‘I strongly advise Byron Shire Council to shelve any idea of a reduced sub-division and instead respectfully ask them to help me actually deliver what the community wants – No West Byron Mega-development.”

Justifiable opposition

Former Byron Shire Mayor Jan Barham also spoke to the panel. She said she wanted to acknowledge the amazing efforts of the community in their justifiable opposition to the inappropriate proposals for the West Byron lands.

‘This development fails on every point,’ she said. ‘From the destruction of biodiversity and the threat to the local koala population and wallum froglet, the filling of a flood prone area, likely negative impact on the Belongil Creek and the Cape Byron Marine Park and further traffic chaos on Ewingsdale Road, that will not be alleviated by the bypass.

‘I’m confident these points have been raised in sufficient detail in the submissions to inform a refusal.’

Ms Barham summed up the general feeling on the day. ‘The refusal of Villa World by the Planning Panel alongside the previous West Byron refusal, justifies years of commitment by our community to protect and preserve our special place, with evidence, passion and genuine concern for the future,’ she said after the decision was announced.

‘It makes me feel so proud to be a member of an activist community who knows the value of standing up for what we believe in and thankfully, this time, the independence of the process delivered the right outcome.

‘Well done to everyone who took the time to be involved, no doubt there will be more challenges to come but the refusals vindicates us and our role as protectors.’

Wednesday, 10 April 2019

Valley Watch urgent message to Clarence Valley residents about saving Lawrence koala habitat


Koala habitat within Larwence village streets


Valley Watch Inc has sent this email out…….

Hi everyone brief history and response from Essential Energy below.  

Upgrade and change of route required due to safety (currently passing over someone's house).  Project planned then needed to change route as an underground water main was identified in their proposed route.  New route chosen and vegetation clearing increased from two trees and trimming to approx. 28 trees & shrubs being cleared in a known koala corridor.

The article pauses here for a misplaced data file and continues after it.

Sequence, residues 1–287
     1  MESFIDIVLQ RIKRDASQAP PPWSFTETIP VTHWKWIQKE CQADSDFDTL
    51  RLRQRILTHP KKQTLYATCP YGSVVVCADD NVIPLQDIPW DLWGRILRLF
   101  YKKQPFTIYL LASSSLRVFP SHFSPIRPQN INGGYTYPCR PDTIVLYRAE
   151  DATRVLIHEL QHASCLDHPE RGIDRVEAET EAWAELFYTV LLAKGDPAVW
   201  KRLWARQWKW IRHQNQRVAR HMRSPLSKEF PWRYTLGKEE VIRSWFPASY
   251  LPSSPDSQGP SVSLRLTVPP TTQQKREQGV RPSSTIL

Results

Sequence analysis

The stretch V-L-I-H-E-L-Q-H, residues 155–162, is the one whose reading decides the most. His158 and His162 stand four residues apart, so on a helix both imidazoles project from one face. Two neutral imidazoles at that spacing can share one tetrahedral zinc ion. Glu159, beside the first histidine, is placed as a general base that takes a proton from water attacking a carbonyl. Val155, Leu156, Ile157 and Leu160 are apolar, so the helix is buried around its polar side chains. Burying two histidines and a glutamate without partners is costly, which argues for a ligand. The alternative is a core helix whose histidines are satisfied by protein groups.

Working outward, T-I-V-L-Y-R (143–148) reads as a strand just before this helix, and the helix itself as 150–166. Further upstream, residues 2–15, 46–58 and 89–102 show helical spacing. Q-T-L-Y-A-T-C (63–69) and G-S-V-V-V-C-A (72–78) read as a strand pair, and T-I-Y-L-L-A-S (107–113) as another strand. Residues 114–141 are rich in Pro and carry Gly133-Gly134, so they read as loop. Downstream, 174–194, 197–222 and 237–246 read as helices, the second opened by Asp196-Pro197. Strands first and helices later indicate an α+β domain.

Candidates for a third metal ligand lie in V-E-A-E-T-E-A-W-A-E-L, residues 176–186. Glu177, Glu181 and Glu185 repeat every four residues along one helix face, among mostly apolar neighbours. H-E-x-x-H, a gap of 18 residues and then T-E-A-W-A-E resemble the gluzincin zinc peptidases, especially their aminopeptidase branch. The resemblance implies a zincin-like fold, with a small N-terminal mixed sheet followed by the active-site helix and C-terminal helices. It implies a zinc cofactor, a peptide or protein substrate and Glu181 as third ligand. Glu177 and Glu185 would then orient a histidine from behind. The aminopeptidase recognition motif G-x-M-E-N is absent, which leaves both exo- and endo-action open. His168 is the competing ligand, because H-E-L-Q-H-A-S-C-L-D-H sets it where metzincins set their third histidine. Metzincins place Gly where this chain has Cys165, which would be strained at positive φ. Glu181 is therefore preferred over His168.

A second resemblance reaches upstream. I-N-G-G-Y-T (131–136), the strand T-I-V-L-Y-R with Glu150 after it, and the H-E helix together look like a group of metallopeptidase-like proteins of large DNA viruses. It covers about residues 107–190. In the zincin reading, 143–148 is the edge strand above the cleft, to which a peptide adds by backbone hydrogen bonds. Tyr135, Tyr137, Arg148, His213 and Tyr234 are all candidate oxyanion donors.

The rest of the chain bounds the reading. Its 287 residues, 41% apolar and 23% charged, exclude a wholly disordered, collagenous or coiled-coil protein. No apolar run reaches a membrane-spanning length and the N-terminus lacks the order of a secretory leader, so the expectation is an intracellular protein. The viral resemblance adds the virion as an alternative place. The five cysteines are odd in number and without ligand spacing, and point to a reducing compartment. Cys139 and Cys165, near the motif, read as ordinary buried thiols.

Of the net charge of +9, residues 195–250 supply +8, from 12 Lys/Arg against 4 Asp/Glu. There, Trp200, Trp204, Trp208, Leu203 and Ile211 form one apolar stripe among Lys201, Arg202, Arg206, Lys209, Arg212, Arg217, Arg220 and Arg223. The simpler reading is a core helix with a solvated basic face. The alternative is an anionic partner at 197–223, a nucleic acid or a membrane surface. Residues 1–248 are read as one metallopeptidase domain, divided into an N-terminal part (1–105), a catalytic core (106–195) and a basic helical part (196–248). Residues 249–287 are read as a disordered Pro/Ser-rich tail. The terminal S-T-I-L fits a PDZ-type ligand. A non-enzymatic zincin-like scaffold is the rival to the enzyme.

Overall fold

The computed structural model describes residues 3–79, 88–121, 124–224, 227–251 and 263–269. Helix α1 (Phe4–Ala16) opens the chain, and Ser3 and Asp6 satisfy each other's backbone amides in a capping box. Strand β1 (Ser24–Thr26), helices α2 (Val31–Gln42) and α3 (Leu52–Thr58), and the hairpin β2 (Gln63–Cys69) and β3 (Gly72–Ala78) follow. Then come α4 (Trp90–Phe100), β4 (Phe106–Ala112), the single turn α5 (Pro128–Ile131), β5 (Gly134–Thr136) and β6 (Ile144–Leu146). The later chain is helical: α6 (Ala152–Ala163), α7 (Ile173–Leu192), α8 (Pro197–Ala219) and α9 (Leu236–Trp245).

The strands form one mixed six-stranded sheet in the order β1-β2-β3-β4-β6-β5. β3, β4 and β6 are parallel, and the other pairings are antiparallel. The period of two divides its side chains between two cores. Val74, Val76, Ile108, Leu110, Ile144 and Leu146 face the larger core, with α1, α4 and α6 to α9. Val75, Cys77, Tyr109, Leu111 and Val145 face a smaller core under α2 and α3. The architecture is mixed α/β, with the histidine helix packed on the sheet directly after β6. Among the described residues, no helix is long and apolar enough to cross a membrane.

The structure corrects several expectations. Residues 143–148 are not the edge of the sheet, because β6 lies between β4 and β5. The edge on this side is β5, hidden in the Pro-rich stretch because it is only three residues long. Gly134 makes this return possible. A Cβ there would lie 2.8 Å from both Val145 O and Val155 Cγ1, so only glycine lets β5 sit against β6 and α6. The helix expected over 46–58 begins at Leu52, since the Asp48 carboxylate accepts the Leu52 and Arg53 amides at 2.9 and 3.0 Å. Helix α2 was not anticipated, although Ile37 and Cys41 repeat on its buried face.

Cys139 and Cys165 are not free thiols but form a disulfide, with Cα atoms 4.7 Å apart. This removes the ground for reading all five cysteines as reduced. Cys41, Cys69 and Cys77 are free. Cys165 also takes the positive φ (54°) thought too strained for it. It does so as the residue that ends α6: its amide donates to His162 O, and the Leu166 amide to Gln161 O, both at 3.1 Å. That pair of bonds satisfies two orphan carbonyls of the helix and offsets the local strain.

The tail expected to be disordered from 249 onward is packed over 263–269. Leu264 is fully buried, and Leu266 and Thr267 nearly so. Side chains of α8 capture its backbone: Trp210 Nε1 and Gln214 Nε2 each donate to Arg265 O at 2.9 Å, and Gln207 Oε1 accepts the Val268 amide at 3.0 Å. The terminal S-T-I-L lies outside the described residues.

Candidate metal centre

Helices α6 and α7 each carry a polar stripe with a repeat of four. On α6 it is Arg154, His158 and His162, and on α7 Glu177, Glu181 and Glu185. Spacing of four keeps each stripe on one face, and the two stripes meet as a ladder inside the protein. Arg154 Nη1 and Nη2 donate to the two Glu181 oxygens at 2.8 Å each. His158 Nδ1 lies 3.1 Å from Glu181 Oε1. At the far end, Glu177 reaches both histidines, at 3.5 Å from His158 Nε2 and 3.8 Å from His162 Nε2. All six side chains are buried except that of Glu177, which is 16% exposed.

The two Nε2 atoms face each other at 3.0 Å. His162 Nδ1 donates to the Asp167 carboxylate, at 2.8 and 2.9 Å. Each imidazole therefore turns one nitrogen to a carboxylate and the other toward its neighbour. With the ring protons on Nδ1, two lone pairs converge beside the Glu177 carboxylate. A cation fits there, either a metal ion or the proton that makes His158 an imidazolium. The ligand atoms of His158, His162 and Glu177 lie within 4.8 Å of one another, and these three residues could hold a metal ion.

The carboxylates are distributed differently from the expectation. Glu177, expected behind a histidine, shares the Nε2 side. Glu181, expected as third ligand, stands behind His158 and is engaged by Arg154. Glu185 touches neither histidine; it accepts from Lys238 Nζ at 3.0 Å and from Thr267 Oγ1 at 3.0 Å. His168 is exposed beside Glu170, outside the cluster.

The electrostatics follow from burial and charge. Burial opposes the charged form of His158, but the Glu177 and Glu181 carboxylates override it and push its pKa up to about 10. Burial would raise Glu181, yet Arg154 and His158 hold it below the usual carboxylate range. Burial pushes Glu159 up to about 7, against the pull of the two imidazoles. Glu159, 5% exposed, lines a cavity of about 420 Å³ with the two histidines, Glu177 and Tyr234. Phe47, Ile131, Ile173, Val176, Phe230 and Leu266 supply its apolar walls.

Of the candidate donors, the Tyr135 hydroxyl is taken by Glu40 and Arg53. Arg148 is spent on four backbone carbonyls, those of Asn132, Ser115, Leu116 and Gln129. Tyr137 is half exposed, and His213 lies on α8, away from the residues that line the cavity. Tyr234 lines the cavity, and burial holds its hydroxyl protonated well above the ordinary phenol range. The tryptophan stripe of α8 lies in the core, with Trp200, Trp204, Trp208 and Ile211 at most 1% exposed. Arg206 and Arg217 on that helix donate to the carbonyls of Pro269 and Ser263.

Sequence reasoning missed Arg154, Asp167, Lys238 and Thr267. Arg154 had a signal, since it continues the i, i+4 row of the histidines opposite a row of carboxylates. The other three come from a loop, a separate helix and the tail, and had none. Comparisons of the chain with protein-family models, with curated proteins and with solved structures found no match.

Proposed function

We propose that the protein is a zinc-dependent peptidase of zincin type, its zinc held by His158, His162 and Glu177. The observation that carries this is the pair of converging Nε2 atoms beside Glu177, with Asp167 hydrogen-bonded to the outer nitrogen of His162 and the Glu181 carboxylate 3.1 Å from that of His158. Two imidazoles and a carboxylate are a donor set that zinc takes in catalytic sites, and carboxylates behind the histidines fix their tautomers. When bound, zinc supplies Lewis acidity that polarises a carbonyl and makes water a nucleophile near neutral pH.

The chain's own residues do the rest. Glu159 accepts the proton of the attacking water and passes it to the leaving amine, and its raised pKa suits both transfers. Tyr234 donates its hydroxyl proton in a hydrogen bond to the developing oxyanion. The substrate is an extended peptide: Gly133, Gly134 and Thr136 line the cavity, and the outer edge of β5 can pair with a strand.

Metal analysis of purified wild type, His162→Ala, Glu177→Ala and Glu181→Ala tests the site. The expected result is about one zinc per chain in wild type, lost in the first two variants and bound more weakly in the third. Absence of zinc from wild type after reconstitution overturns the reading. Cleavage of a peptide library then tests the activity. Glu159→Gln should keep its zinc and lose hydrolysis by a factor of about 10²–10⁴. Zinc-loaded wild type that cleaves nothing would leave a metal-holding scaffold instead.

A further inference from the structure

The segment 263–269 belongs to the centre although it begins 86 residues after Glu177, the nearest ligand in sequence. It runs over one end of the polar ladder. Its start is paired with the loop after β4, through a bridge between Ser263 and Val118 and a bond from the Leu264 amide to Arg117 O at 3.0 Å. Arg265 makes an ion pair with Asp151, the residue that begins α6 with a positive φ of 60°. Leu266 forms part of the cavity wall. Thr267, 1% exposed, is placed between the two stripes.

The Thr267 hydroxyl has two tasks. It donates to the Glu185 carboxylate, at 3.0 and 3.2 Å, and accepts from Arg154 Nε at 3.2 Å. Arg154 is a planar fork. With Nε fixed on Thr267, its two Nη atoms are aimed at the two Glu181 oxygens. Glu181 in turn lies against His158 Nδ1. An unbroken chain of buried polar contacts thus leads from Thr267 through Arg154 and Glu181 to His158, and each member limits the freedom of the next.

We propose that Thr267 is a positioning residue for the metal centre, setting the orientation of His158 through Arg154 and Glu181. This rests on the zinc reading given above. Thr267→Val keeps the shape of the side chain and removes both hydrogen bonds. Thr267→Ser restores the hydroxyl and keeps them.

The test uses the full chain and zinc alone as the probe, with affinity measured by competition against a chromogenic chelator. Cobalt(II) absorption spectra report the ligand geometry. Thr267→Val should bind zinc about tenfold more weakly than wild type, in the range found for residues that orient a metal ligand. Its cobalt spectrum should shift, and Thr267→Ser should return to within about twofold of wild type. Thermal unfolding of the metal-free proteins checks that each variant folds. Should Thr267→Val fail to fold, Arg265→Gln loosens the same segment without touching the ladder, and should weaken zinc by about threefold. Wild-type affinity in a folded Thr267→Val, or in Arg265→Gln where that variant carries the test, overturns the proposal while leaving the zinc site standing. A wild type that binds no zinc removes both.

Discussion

Thanks to Community who raised concerns and attended special meeting where they presented new route that could be considered.  As per email below we need to ensure Essential Energy hear there is large community support for protecting koala habitat.

Please telephone and email Raelene Myers at Essential Energy.

Thanks

----- Forwarded message -----
From: Linda redacted]
Sent: Friday, 5 April 2019, 05:06:11 pm AEDT
Subject: save Lawrence koala habitat

Hi everyone,

At the end of an information session today in Grafton, led by Essential Energy Community Liaison Officer Raelene Myers, the Essential Energy staff told the assembled concerned Lawrence and wider Clarence Valley residents, after much discussion, that they will now put the plan to relocate some poles and wires to an area that would involve koala habitat destruction on hold, while they examine an alternative route that would not. 

The alternative route was put forward by meeting attendees. The plan attached shows the existing route in green, the habitat-destroying route in orange, and the non-habitat-destroying route in red.

Raelene has undertaken to keep updated people who let her know they want to be. Our best chance of saving the koala habitat now is to get as many people as possible to contact her and let her know we are in favour of the non-habitat destroying route and want to be kept updated. Her contact details are below.

Please pass this information on to anyone you think might care.

Regards,

Linda


T: 02 6589 8810 (extn 88810) M: 0407 518 170
PO Box 5730 Port Macquarie NSW 2444
General Enquiries: 13 23 91



UPDATE

The Daily Examiner, 10 April 2019, p.5:

Clarence Valley councillor Greg Clancy said the the proposal would result in the removal of a number of trees and put at risk the koala population in the area.

“We think they could reroute the power lines a different way to reduce the number of trees that would need to cut down,” he said. “I think it’s going to push the local population further towards extinction"

Mr Clancy said despite the relatively small number of trees marked for removal, the frequency with which koalas could be found in them meant they should be saved.

“I was out there the other day with a representative from Essential Energy and there was a koala in one of the marked trees,” he said.

“The point is the koalas are always in these trees and there is a lot of habitat they may not find as suitable. You need to rely on where the koalas are, not where they might be.”